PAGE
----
The dichotomy of Christology from below/from above is something that Gunton gets from Pannenberg (51). Pannenberg intends to characterize ancient Christological formulations as “from above,” meaning that they are an a priori philosophical presupposition imposed upon the content of the biblical witness to Jesus Christ. Classical theology worked from the transcendent to the historical. The traditional Christological formulations failed to take seriously the humanity of Christ as the starting point for knowing his divinity. The modern world no longer uses the same philosophical language. Immanence replaces transcendence as worldview. Therefore, a new method for Christology is necessary – one which recovers the historical record of Jesus’s life and uses modern language to reformulate Christology in an a posteriori fashion.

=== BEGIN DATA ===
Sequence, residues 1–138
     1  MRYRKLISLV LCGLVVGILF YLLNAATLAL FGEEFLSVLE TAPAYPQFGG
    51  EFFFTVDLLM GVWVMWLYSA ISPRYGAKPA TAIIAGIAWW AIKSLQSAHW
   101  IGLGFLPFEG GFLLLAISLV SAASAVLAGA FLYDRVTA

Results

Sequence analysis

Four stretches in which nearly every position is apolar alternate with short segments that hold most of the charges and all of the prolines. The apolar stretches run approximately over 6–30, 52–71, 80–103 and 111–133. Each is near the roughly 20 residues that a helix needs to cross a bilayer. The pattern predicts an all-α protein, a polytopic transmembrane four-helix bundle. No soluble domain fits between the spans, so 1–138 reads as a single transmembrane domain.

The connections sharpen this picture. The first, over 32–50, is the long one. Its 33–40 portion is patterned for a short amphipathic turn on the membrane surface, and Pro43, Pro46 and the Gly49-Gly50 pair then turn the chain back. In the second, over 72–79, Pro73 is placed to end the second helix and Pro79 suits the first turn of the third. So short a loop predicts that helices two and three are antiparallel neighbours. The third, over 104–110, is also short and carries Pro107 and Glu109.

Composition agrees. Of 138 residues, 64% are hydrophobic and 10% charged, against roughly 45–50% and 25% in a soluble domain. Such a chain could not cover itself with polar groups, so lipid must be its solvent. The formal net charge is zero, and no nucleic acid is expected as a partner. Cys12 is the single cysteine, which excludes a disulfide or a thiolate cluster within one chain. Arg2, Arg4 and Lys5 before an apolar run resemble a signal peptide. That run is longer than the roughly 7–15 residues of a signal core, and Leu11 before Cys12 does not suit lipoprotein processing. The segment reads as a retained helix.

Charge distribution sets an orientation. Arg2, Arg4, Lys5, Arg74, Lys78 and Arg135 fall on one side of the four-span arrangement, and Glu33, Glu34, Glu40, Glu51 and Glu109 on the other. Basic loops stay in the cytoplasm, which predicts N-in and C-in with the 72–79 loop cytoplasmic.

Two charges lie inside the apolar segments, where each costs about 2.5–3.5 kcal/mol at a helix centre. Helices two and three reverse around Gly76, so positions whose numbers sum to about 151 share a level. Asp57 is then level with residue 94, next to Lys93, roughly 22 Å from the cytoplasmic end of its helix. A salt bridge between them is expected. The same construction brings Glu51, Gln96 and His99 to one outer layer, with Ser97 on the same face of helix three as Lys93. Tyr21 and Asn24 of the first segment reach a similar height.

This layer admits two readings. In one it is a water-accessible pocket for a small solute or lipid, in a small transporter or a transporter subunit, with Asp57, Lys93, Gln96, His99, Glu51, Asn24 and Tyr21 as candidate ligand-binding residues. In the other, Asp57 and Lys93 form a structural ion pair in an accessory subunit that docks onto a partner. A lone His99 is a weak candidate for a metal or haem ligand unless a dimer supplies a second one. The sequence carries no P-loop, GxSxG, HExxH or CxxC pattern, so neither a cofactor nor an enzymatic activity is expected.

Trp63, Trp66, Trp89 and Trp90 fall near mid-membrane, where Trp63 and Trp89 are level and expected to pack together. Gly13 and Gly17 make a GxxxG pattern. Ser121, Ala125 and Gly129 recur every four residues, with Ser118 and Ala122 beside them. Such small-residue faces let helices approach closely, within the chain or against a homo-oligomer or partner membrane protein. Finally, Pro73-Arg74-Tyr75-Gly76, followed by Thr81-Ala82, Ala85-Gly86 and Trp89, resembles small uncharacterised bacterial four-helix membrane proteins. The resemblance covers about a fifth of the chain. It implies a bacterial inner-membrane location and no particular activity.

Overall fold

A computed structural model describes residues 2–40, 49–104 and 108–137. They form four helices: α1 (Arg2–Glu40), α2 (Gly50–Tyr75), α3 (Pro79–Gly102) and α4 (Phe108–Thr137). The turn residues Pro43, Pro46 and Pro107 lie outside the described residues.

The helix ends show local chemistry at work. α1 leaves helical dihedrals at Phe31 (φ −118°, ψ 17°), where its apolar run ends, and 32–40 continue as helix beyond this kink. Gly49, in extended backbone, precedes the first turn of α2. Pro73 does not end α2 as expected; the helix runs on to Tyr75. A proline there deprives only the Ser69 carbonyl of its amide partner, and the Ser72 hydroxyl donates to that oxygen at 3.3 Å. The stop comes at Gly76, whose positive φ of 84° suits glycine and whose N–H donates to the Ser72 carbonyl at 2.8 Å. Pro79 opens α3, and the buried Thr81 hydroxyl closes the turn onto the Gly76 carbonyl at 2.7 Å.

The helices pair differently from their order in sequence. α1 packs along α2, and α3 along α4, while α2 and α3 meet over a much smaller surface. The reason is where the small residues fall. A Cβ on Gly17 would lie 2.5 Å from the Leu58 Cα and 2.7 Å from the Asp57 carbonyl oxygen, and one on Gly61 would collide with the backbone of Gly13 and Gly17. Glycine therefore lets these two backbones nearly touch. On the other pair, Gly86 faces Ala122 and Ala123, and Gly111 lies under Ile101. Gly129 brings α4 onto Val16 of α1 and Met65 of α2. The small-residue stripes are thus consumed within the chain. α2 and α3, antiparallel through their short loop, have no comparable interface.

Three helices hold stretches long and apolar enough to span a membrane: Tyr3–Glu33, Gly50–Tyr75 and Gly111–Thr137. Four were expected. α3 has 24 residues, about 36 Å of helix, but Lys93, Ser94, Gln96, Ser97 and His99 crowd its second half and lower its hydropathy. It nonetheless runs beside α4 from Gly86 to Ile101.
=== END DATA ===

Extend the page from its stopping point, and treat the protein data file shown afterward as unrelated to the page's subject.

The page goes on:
Gunton looks at Christology from below in two contemporary manifestations: the works of Karl Rahner and Wolfhart Pannenberg. Rahner’s Christology from below is intended to be a change in method alone. His goal is to deploy contemporary language and a modern anthropological approach in order to arrive at the same content that traditional Christology intended to espouse. This is important for Gunton because it is an attempt to make a methodological shift that does not require a change in the content of the faith. Ultimately, Gunton does not think that Rahner’s movement from below succeeds on its own in arriving at Christ’s divinity. Rahner comes to a point in his anthropology where he must account for Christ’s divinity without resorting to docetism or adoptionism. At this crucial point in his work, he reintroduces the traditional concept of the hypostatic union “from above.” This amounts to a double movement, both from below and from above. Thus, in order for Rahner to come to the same content of traditional Christological formulations, he must appeal to some of the same language and concepts as ancient Christology. Rahner’s Christology from below, while an adequate orthodox formulation of Christology, is not truly “from below” as per Pannenberg’s classification (11-18).